Everything changes and yet everything stays the same. Seems like an oxymoron. In publishing, that is exactly what it is -- an oxymoron. The more things change, the more publishers seek to maintain the status quo, scaring authors into believing there are nothing more than an unimportant cog in the vast machinery of publishing.
I began writing about the truth in publishing years ago -- 8 years ago -- when a writer I knew set down the path with a specific agent in mind. The writer was determined to have this one agent and approached the agent to take her on as a client. The agent refused; the writer had no backlist and no publishing credits to speak of. It didn't matter that the writer had more than 10 years of experience writing articles and blogs and had co-written a book on writing; she didn't have enough experience -- or income -- to interest the agent, not even with a book that had series potential.
The writer went out and got a contract with a publisher through unusual channels and went back to the agent, newly signed contract in hand, and begged to be taken on as a client. The agent said yes and took her 15% off the top for doing nothing. The writer had done the hard work and, hat in hand, was shark bait.
I was outraged that the writer had so little faith in herself and couldn't see what was happening, but when the agent's contract, which the writer asked me to read, included an annual fee for the cost of doing business, I begged the writer to look for another agent or at least tell the agent to forget about the contract unless the annual fee was deleted. The writer signed anyway, consigning 15% of the hard earned royalties to agent for the life of the book, and the planned series. I wrote about it in 2004, but it was merely a portent of the coming storm. Other writers with a wider readership and more years in the publishing business began writing about what was going on behind the scenes.
Since the Dept of Justice case against 5 of the Big 6 publishers and Apple hit the news, Joe Konrath has written extensively about what is happening, and he continues to inform the reading and writing public exactly what it all means. It's all about who has the power.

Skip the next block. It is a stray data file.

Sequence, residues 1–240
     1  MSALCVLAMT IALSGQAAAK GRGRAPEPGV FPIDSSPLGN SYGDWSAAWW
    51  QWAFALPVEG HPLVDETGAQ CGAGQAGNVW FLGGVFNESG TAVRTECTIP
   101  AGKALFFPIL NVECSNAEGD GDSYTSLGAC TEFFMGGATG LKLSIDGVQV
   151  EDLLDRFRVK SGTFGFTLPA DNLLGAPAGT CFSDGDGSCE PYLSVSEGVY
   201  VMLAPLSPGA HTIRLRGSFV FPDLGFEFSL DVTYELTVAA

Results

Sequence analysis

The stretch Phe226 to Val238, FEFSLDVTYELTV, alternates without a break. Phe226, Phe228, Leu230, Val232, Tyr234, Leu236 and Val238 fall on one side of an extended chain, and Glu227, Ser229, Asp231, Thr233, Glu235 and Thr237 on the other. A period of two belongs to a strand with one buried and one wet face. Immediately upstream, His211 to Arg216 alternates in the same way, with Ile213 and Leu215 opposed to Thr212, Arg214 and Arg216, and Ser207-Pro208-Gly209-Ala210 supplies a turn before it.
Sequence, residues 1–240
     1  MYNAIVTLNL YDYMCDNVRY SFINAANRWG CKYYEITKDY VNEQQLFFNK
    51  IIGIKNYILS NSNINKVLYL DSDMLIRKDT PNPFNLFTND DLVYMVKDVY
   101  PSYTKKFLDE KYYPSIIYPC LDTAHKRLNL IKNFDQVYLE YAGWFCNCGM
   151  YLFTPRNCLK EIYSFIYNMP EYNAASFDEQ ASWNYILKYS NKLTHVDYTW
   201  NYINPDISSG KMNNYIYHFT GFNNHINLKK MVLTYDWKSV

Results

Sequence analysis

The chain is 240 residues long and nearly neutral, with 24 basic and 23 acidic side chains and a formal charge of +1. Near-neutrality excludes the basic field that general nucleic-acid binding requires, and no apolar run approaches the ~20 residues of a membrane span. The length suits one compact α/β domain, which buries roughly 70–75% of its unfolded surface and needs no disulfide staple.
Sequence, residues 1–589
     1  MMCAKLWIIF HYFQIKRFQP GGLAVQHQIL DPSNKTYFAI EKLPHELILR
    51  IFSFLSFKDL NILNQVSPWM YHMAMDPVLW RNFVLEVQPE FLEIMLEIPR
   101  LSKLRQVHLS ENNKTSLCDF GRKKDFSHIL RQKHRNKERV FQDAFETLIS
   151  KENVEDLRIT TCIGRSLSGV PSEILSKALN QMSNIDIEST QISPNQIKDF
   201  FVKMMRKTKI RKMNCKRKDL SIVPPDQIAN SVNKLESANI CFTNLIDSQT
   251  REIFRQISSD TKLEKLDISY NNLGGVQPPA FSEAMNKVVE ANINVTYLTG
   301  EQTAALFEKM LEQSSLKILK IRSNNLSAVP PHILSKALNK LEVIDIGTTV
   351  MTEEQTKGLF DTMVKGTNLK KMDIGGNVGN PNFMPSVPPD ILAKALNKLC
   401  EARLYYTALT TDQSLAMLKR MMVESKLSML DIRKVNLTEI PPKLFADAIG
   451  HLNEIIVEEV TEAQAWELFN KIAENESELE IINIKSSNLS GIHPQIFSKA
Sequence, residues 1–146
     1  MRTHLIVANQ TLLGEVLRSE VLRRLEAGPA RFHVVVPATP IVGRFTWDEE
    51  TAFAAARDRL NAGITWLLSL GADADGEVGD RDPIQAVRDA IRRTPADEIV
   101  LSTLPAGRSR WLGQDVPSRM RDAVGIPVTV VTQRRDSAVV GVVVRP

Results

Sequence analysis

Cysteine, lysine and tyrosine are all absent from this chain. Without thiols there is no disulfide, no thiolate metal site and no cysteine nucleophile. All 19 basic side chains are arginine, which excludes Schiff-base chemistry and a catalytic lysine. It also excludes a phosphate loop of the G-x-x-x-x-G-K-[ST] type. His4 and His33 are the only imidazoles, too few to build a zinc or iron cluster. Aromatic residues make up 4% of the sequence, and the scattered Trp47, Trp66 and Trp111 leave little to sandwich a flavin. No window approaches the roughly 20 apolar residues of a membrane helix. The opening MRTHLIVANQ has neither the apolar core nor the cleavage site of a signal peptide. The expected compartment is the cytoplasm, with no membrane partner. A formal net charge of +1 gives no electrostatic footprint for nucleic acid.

Writers do not seem to understand that they have the power. Without the words, publishers have nothing to publish. Readers don't generate books. Publishers merely print what authors write and without the words, there is no business. As I explained to my writer friend 8 years ago, a conversation that ended our friendship, the writer has the power, not the agent. An agent might have great contacts, but those contacts exist because the agent is representing the writer. No writer, no words, no contract, and no money, despite the fact that agents are determined to bite the hand that feeds them.
Agents may believe that publishers feed them, but that's only because publishers take agents out to lavish lunches and dinners, give them booze, invite them to launch parties where the food and booze flow freely, and sign the check made possible by the author who put the words together so a book was possible. It's hard to see who is really paying the bills when the publisher's name is on the check, a check that wouldn't exist without the writer. It's called exploitation and agents and publishers have been exploiting writers since the first mass market book rolled off the Gutenburg presses.
When workers, in this case writers, are exploited, they form unions that bargain for the collective power of the workers (writers) and strike if necessary until terms are met and conditions changed. Writers have a union of sorts in the Authors Guild, but that union hasn't been doing much to help out the people (writers again) that make the Authors Guild possible. Joe Konrath and Barry Eisler hit it out to the cheap seats. Once again, people, even authors, forget who has the power.
That writer friend I mentioned told me that refusing to sign the agent's contract, annual fee and all, was not an option since the writer was a small fish in a very big ocean. I still believe that someone must take a stand and put a stop to the exploitation of writers. I would have refused to sign, but then I wouldn't have chosen that agent in the first place. The agent has done little for my writer friend's career except collect her 15% and she still charges for the cost of doing business, rather like the phone company or the utility company adding an annual fee for the paper clips, ink, paper, and postage necessary to send you a bill. Those charges, overnight mail fees included, should come out of the 15% the agent already gets. Thinking that only a Stephen King or J. K. Rowling could stand up to the agent and get the annual fee rescinded is wrong thinking. Every writer, every author who writes a book that is published is powerful enough to say NO very loudly and be heard -- and heeded.
There will be scabs who will work during a strike because they have no other choice, but Joe Blow who has never written a book before cannot replace a Barry Eisler or Ted Dekker, and that will become obvious when sales fail to make it possible for publishers to take agents out to lavish lunches where the martinis and whiskey flow so freely.
The signs are obvious. Pay attention. Writers have the power. They always did. It's time to use that power. We are authors, hear us roar.